Siege of Smolensk (1514)
The Siege of Smolensk of 1514 took place during the fourth Muscovite–Lithuanian War (1512–1520).
|Siege of Smolensk|
|Part of the Muscovite–Lithuanian Wars|
Siege of Smolensk
|Grand Duchy of Moscow||Grand Duchy of Lithuania|
|Commanders and leaders|
|140 to 300 cannons|
The growing and strengthening Grand Duchy of Moscow clashed with the Grand Duchy of Lithuania over the territories of the former Kievan Rus'. The tension resulted in a series of wars starting in 1492. When war broke out again in November 1512, Moscow's main objective was to capture Smolensk, an important fortress and trade center that had been part of Lithuania since 1404. The Russians, commanded personally by Tsar Vasili III of Russia, laid a six-week siege in January–February 1513, but Grand Hetman Konstanty Ostrogski repelled the attack. Another four-week siege followed in August–September 1513.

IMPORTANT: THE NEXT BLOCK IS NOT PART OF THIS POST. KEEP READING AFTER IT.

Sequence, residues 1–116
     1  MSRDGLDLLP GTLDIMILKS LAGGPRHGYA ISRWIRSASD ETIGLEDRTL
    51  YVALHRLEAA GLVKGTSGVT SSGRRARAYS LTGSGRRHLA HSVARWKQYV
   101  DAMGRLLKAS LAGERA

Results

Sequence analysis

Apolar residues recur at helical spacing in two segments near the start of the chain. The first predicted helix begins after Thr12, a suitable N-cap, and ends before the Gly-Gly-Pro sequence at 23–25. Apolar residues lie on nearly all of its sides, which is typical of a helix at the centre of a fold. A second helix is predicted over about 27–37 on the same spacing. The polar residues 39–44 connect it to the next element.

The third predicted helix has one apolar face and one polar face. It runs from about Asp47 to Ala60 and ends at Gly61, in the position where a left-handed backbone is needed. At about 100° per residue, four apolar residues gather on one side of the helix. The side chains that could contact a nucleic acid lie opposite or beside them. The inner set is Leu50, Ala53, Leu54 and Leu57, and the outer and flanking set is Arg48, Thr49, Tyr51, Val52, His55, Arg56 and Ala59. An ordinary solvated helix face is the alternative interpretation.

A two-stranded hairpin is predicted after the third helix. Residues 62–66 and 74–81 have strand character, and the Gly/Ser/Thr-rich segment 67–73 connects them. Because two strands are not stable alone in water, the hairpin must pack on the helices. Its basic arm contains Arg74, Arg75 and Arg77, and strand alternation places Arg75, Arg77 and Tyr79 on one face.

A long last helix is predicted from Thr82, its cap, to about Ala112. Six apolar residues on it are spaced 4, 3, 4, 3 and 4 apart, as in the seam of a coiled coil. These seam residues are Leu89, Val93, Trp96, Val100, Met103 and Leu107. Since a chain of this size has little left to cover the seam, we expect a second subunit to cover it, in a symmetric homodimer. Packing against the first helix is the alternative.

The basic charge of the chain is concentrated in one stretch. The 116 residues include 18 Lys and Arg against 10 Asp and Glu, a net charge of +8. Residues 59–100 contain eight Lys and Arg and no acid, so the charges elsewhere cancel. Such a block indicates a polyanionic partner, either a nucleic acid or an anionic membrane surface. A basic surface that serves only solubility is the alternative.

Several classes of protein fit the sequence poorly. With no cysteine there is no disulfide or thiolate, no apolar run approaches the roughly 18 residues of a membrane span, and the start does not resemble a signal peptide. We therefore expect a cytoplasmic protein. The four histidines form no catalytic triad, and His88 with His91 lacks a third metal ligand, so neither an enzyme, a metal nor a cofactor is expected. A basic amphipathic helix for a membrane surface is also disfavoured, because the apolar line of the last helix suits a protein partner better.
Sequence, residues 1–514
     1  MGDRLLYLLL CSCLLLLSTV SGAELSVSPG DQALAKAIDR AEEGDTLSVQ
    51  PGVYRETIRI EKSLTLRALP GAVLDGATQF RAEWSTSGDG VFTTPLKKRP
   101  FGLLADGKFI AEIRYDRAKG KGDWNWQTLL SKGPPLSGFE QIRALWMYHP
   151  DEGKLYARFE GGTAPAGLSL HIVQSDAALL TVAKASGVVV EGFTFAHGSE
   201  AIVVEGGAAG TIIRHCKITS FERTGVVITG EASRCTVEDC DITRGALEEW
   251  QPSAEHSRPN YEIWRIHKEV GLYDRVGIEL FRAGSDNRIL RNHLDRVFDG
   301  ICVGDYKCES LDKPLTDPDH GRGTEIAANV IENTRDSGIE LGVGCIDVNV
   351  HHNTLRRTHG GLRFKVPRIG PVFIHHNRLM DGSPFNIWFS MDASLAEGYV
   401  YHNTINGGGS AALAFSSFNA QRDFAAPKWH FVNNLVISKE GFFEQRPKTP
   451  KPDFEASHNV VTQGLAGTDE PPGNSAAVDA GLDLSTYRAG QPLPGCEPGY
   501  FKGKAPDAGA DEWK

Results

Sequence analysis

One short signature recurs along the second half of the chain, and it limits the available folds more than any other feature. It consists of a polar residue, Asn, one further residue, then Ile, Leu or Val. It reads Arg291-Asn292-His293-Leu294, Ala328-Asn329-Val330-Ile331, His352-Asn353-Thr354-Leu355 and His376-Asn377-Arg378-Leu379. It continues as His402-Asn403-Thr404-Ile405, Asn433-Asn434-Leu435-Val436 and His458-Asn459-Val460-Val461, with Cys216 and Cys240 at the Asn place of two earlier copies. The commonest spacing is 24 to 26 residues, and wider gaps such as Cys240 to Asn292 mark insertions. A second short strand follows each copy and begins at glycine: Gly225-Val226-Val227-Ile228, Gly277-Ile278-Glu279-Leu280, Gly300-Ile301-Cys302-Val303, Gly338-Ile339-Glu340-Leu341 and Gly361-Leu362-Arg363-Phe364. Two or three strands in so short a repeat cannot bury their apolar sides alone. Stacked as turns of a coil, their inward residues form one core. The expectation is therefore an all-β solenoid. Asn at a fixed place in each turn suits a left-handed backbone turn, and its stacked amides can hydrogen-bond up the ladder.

In May 1514, Vasili III again led his army against Smolensk. This time the Russian army included a number of artillerymen, brought from the Holy Roman Empire by Michael Glinski. After a lengthy preparation, shelling of the city from nearby hills began in July. After a few days Jurij Sołłohub, Voivode of Smolensk, agreed to surrender on 30 July 1514. Vasili III entered the city the next day.
The Lithuanians won a great victory in the Battle of Orsha in September 1514, but were unable to recapture Smolensk. To commemorate his victory Vasili III built the Novodevichy Convent within the Moscow Kremlin. Smolensk remained part of Russia until the Siege of Smolensk (1609–1611) during the Polish–Muscovite War (1605–1618). In 1654 it returned to Russian Empire.